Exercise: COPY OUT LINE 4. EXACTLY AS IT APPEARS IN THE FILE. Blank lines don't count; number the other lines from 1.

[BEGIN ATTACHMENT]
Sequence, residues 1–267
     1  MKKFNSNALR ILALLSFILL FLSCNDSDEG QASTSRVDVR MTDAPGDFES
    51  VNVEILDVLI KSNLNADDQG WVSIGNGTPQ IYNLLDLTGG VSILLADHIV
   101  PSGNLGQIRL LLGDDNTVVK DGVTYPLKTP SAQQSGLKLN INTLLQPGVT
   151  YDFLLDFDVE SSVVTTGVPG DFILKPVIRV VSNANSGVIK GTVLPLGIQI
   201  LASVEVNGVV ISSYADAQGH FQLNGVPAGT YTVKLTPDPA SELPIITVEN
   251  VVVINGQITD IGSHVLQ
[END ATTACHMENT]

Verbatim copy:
   101  PSGNLGQIRL LLGDDNTVVK DGVTYPLKTP SAQQSGLKLN INTLLQPGVT